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Saudi breakeven oil price crawls higher

Bank of America Merrill Lynch says its preliminary spending projections for 2014 place Saudi Arabia’s fiscal breakeven oil price at $85 a barrel.
“This is $5 higher than the floor we had previously anticipated policy-makers would be looking to defend,” the bank said in a report.
“We see two main takeaways from Saudi Arabia’s 2014 budget. Firstly, the fiscal breakeven oil price has crawled higher and remains sticky at $85 per barrel due to Arab Spring spending. Secondly, a shift to more realistic budgeting practices suggests awareness of the need to manage expenditures carefully. We accordingly maintain our 2014 GDP growth projection at 3.6 percent,” said the bank.
“The Saudi government 2014 budget is the highest on record and should support economic activity but at a somewhat more moderate pace, in our view,” Bank of America Merrill Lynch said.
It said 2014 expenditures are conservatively projected at SR855 billion, in line with MoF projected revenues and the Ministry of Finance therefore has budgeted for a flat fiscal balance.
“The shift to more realistic and prudent budgeting practices means we expect overspending to be around 10 percent to 15 percent in 2014, broadly in line with 2013,” the report said.
“We expect 2014 spending to reach SR960 billion. Given constraints on oil production, which we see flattish versus 2013 average levels, and our 2014 forecast for Brent oil price ($105 per barrel). We thus see room for the fiscal surplus to decline to 6 percent of GDP,” said Bank of America Merrill Lynch.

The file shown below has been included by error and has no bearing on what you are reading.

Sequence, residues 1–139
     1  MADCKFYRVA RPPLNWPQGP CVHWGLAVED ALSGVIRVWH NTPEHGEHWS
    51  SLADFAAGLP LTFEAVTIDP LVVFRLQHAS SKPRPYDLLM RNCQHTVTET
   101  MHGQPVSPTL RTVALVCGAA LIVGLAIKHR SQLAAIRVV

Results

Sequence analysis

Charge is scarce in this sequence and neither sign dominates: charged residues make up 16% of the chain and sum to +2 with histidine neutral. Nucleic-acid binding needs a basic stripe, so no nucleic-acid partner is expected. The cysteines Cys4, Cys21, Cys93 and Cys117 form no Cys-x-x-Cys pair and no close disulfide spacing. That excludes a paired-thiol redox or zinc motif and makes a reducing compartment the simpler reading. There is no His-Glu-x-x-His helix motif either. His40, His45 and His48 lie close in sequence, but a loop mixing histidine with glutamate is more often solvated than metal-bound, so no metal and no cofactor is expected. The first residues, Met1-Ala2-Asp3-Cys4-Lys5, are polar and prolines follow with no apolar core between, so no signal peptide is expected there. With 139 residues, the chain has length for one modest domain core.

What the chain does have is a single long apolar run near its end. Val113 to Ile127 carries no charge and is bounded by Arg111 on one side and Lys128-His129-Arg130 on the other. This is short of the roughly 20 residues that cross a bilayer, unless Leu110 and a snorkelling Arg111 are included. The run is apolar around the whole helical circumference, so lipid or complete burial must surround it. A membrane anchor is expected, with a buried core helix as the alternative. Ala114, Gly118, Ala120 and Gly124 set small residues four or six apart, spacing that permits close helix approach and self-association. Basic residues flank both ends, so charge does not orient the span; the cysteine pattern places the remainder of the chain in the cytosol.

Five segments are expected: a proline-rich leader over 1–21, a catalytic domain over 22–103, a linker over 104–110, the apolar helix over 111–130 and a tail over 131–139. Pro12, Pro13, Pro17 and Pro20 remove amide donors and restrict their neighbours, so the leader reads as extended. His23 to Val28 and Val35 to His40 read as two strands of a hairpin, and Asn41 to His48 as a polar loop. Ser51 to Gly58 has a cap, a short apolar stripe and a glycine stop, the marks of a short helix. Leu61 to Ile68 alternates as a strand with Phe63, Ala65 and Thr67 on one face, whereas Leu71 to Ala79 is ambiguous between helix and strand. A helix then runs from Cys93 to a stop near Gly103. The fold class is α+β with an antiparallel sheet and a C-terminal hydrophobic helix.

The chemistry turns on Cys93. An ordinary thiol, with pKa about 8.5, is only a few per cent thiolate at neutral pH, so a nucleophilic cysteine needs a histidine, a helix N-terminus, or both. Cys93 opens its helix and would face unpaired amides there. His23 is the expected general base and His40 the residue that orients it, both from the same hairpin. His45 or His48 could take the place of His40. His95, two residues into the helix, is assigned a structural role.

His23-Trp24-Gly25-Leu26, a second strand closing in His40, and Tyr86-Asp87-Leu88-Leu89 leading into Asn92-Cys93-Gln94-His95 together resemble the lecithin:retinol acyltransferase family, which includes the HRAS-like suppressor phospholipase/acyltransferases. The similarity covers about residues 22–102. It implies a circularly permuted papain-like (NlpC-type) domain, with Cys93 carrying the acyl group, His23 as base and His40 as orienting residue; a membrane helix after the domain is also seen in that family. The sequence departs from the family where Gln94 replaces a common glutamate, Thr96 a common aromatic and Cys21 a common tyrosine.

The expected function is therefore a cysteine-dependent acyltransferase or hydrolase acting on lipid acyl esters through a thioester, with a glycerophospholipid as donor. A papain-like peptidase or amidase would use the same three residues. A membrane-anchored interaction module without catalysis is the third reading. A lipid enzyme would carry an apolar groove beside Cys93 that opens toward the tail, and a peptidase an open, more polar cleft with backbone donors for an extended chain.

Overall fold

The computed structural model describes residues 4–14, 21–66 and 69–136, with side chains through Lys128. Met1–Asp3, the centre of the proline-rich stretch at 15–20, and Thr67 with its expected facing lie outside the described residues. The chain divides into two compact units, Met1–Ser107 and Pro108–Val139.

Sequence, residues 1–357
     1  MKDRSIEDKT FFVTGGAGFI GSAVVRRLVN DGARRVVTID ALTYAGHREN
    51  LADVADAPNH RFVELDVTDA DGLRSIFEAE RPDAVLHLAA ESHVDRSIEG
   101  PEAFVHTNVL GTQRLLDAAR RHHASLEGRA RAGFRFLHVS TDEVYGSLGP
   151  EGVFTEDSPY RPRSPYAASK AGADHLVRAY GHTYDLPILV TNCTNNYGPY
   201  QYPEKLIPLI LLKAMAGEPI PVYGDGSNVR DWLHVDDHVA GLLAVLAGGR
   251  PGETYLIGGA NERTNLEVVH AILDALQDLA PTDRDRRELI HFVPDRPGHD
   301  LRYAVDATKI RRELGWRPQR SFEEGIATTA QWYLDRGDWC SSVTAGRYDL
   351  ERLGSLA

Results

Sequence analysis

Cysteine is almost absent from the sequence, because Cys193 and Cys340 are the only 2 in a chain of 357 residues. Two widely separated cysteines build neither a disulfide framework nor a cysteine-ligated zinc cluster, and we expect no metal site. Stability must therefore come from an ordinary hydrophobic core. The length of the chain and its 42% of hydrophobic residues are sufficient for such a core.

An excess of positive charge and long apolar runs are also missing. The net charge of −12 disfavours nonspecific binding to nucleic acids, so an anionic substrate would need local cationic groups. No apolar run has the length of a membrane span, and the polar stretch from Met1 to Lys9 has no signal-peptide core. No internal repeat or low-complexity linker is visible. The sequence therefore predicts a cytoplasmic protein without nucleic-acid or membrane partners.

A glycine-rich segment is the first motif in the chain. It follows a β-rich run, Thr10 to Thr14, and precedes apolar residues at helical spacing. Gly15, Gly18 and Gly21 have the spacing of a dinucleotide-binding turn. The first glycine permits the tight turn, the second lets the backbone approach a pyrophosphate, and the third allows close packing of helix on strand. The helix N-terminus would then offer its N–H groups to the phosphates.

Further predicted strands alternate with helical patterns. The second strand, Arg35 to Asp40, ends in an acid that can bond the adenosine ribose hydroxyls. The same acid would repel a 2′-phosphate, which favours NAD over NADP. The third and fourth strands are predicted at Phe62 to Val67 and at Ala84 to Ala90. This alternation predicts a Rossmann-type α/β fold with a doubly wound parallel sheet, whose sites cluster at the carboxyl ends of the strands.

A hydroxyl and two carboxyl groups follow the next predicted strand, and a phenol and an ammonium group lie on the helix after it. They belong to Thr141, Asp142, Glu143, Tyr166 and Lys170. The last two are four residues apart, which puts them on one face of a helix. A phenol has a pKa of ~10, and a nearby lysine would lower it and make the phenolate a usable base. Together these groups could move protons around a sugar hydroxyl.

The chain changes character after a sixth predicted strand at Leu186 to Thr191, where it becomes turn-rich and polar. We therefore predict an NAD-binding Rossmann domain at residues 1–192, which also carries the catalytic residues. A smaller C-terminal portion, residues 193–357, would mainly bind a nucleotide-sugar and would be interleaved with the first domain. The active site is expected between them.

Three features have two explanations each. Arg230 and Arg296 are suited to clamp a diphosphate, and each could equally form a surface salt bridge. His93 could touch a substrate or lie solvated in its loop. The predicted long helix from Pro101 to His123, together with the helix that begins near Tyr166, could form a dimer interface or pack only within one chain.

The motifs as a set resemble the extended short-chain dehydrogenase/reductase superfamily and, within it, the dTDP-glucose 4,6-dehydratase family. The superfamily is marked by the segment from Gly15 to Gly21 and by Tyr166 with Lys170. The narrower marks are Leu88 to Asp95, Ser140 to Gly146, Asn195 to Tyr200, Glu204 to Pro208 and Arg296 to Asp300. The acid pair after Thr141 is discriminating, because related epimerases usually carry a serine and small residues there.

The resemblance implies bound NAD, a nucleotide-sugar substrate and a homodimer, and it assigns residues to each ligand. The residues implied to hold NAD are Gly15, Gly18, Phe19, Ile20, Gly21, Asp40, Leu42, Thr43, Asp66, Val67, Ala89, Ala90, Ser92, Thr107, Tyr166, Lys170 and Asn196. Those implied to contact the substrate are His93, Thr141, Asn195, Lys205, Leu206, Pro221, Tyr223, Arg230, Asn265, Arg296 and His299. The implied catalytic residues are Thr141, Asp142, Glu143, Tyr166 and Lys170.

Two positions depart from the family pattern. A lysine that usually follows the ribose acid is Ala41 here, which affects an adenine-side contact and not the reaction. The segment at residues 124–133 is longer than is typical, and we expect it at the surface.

The 2014 budget retains much of the focus of recent budgets in terms of breakdown of spending, though it does pencil in lower capital expenditures.
The largest appropriations of government spending, apart from the defense sector (undisclosed amount), will be the education sector (SR210 billion budgeted), health and social affairs (SR108 billion budgeted) and infrastructure and transportation (SR66.6 billion budgeted).
The Ministry of Finance also expects the Specialized Credit Institutions to disburse SR85.3 billion in loans in 2014.
This is the second largest appropriation after the 2012 one and should continue stimulating the nonoil economy.
Capital spending is budgeted at SR248 billion, 13 percent lower than the record 2013 appropriation.
Since 2011, the central government execution of its capex budget appears to have improved.
“We think the lower budgeted amount reflects a degree of policy prudence but also the large capital spending that already took place. As such, some normalization should not be a cause of overdue worry, in our view, and the budgeted amount, if fully realized, is still 25 percent higher than 2010 levels,” said the report.
“Both 2013 government revenues and expenditures came in line with our projections. Total revenues stood at SR1131 billion vs our projections of SR1194 billion, and total expenditures stood at SR925 billion versus our projections of SR900 billion,” said the report.
It said 2013 overspending over MoF budgetary projections reached 12.8 percent, in line with our view that overspending would not reach the 20%+ levels seen in previous years thanks to more realistic budgetary practices.
As a result, the budget surplus was moderately narrower than estimated and stood at 7.4 percent of GDP. GDP growth also came broadly in line with our projections (3.8 percent realized versus 3.6 percent projected) on the back of (gradually easing) contraction in the hydrocarbon sector and robust growth in the non-hydrocarbon sector.
The above also imply strong economic activity in 4Q13 but note that the estimates remain preliminary and are typically revised mid-year.
Bank of America Merrill Lynch added: “Government revenues in 2013 are just 3 percent higher than their 2008 levels, while government spending is 78 percent higher. Current government efforts to increase Saudization levels in the private sector and recent labor market initiatives could help contain the growth of public sector employment, given the wage bill represents 50 percent of current spending and 35 percent of total spending. Nevertheless, the arithmetic of the growth model remains unfavorable in the lack of reforms, given future oil production increases could be limited, in our view.”